For Userspace.org, this is to aggregate as many useful FOSS repositories in a nexus for easy access, while using the latest technologies to do so and meet all of The Free Software Definitions requirements mentioned below.
The Free Software Definition is set forth in full on FSF’s website at http://fsf.org/ philosophy/free-sw.html. This section presents an abbreviated version that will focus on the parts that are most pertinent to the GPL.
A particular user has software freedom with respect to a particular program if that user has the following freedoms:
The freedom to run the program, for any purpose.
The freedom to study how the program works, and modify it
The freedom to redistribute copies.
The freedom to distribute copies of modified versions to others.
The focus on “a particular user” is particularly pertinent here. It is not uncommon for a subset of a specific program’s user base to have these freedoms, while other users of the same version the program have none or only some of these freedoms. Section 12.2 talks in detail about how this can unfortunately happen even if a program is released under the GPL.
Many people refer to software with these freedoms as “Open Source.” Besides having a different political focus from those who call such software by the name “Free Software”,1, those who call the software “Open Source” are often focused on a side issue. Specifically, user access to the source code of a program is a prerequisite to make use of the freedom to modify. However, the important issue is what freedoms are granted in the license that applies to that source code.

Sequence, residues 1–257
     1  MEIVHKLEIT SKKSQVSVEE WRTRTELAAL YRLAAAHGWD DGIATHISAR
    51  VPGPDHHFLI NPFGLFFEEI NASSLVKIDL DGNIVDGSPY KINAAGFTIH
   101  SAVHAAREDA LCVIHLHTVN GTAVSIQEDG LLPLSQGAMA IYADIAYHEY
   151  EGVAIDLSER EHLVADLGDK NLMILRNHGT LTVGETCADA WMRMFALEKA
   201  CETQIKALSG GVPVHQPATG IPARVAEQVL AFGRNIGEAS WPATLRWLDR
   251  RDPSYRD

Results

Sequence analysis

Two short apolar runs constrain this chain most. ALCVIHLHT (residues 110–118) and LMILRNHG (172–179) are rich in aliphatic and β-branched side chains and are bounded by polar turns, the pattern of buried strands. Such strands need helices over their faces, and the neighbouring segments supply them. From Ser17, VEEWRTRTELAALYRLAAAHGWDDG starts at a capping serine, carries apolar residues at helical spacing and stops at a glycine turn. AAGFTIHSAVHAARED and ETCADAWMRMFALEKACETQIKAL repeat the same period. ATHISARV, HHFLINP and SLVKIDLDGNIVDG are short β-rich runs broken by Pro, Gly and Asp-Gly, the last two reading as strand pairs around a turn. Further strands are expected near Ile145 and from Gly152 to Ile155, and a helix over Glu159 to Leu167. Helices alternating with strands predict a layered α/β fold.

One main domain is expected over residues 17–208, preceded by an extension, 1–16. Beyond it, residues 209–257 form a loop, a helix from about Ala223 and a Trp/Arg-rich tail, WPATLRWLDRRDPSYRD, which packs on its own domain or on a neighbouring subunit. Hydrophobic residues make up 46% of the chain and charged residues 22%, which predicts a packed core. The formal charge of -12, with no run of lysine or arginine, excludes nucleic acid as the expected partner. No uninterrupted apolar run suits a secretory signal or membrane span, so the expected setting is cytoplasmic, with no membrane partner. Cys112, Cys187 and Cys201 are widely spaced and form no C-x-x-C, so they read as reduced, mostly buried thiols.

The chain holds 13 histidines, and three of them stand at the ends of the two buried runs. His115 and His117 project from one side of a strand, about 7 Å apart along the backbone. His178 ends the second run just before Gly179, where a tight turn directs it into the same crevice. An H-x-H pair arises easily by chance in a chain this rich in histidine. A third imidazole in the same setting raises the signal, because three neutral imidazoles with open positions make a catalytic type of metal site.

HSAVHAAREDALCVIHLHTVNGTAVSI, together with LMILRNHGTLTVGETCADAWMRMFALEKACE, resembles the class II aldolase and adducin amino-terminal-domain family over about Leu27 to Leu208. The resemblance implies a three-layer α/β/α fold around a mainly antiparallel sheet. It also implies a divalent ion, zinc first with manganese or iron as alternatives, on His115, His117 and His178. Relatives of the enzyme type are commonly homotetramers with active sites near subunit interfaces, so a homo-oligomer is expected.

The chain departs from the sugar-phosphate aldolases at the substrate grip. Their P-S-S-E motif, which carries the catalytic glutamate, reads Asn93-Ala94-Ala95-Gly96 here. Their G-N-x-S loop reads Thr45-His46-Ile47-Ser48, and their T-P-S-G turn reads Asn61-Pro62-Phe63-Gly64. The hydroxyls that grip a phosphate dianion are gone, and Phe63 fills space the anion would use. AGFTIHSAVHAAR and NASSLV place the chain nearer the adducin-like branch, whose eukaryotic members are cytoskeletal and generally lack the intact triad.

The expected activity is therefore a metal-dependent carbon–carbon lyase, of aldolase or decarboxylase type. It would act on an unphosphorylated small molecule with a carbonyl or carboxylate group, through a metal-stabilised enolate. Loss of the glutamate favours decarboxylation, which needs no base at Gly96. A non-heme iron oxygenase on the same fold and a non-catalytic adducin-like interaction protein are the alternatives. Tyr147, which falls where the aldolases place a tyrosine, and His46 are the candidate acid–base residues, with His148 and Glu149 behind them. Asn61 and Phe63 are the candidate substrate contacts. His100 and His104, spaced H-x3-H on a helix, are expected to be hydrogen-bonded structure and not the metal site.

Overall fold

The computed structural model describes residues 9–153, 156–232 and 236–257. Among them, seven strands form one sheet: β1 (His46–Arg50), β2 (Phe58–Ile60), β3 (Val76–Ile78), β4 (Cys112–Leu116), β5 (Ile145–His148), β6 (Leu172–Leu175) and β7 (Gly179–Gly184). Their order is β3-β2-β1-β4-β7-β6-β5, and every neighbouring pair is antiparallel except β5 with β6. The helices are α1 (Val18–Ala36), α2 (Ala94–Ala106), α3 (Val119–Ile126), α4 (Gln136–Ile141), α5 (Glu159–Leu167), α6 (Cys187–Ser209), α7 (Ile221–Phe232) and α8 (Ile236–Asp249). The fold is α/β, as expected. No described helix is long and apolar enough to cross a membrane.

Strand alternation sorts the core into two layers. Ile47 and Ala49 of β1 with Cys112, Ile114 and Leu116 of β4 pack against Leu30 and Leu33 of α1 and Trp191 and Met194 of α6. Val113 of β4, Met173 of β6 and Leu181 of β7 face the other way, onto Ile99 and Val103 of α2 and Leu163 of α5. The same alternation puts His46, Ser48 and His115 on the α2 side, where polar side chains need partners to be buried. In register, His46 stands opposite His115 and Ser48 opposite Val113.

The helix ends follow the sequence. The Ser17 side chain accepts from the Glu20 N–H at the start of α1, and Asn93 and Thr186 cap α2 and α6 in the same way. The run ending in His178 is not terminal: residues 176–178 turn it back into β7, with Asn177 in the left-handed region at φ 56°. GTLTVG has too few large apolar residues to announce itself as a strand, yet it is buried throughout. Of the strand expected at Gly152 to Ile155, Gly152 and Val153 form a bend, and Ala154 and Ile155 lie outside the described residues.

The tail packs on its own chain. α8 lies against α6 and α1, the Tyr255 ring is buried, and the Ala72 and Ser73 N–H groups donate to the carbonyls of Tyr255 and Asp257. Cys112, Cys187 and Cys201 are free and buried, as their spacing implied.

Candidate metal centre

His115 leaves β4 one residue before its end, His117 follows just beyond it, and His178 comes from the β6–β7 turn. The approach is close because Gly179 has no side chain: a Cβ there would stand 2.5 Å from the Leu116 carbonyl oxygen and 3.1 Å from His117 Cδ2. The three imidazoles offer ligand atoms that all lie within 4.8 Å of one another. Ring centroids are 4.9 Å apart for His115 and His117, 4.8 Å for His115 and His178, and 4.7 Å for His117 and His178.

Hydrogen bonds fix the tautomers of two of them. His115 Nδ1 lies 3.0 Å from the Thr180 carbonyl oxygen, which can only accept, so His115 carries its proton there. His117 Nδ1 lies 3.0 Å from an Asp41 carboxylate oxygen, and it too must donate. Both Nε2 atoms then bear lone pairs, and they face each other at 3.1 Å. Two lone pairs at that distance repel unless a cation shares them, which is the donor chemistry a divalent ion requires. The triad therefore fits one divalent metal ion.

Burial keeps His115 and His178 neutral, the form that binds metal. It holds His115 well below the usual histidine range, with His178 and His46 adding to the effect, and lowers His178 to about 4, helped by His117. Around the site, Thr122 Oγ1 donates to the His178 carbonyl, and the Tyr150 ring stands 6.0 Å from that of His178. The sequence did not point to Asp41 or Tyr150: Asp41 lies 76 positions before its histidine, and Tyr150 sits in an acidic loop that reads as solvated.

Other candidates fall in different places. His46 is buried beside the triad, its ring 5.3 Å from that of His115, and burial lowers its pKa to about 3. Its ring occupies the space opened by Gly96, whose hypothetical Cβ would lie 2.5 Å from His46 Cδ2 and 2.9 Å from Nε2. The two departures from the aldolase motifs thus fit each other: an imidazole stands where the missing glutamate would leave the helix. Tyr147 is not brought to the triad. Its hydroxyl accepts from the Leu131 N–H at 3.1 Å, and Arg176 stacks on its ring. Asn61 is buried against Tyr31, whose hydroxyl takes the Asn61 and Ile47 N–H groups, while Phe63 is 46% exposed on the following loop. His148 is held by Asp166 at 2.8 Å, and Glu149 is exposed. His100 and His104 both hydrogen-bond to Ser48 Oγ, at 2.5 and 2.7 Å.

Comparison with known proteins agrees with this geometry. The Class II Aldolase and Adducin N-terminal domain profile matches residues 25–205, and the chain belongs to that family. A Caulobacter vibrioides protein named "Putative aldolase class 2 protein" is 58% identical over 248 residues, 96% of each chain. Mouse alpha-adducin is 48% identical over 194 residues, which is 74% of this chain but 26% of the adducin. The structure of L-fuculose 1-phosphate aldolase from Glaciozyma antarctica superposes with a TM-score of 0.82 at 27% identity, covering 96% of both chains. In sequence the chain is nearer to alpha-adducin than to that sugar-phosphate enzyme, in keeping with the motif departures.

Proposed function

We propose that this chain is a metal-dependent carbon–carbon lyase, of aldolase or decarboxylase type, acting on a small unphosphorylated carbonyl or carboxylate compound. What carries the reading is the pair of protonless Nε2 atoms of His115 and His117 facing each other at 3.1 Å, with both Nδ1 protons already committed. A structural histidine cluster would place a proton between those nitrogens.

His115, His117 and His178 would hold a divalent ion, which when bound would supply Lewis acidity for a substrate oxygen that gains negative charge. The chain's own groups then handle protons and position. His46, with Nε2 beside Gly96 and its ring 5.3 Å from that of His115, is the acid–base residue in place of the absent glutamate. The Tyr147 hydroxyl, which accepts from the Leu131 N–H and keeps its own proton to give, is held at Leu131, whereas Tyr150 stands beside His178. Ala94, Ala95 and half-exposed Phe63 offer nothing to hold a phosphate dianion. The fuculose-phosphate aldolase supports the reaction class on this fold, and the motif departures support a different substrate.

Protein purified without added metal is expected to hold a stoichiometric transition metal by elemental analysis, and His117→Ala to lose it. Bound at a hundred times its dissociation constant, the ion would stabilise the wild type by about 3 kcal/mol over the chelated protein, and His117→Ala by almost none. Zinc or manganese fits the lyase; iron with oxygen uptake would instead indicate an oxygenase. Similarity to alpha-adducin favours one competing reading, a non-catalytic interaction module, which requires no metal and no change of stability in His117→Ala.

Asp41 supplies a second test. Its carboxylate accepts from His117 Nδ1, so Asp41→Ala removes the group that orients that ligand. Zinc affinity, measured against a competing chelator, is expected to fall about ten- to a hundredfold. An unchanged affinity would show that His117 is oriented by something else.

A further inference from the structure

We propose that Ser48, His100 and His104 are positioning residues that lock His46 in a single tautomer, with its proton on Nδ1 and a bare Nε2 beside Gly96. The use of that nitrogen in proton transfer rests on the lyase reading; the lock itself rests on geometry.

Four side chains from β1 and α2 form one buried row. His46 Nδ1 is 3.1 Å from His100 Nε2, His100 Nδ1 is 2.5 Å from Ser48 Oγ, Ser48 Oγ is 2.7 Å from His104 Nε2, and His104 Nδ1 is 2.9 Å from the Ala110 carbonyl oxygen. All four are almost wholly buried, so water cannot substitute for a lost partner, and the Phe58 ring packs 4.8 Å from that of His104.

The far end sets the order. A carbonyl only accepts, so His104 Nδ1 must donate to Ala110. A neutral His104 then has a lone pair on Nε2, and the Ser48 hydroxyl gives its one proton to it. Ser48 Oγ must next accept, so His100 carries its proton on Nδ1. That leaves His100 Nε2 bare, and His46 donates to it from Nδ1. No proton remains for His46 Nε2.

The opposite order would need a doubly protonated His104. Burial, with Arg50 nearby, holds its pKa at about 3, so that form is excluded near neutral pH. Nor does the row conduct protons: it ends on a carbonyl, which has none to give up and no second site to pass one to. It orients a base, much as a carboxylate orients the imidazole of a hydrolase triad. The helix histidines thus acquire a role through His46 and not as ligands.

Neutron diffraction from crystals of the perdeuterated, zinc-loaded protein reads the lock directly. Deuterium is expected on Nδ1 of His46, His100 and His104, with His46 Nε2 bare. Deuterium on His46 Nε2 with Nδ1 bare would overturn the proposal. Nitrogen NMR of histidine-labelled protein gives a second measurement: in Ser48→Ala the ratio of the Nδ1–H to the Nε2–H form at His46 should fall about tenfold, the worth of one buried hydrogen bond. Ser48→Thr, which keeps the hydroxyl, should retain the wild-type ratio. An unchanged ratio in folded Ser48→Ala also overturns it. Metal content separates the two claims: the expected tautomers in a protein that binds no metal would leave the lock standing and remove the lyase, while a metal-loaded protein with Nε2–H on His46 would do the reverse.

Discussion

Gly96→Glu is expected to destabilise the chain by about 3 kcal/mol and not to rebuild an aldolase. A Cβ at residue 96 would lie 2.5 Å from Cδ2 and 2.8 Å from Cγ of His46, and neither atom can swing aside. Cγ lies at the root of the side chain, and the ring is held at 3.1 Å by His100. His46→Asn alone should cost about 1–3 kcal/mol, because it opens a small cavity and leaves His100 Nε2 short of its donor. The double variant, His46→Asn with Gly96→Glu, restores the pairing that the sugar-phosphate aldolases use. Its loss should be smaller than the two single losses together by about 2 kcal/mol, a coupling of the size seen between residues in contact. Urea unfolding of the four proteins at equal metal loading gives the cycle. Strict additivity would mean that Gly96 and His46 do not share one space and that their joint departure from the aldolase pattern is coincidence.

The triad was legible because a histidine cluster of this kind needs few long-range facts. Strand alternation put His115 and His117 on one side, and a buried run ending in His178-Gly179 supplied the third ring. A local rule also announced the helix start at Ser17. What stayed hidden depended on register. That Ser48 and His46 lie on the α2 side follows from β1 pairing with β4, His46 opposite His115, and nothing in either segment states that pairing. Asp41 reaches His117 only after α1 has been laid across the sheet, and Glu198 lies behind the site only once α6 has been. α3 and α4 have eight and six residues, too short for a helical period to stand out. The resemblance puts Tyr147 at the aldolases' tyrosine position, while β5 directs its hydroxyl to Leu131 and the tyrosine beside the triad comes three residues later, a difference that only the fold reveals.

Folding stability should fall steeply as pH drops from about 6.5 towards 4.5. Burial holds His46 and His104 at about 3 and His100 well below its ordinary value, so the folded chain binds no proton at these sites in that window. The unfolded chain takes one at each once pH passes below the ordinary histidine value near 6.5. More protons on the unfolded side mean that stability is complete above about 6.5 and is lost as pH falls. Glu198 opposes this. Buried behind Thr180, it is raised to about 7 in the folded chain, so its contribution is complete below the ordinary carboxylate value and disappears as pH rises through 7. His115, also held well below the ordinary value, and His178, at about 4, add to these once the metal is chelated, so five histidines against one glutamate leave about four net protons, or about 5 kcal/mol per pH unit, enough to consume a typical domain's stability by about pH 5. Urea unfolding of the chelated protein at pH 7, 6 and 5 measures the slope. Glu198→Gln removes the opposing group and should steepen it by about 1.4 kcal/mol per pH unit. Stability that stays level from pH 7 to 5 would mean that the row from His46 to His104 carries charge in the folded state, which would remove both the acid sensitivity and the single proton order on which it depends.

Software freedom is only complete when no restrictions are imposed on how these freedoms are exercised. Specifically, users and programmers can exercise these freedoms noncommercially or commercially. Licenses that grant these freedoms for noncommercial activities but prohibit them for commercial activities are considered non-free. The Open Source Initiative (OSI) (the arbiter of what is considered “Open Source”) also regards such licenses as inconsistent with its “Open Source Definition”.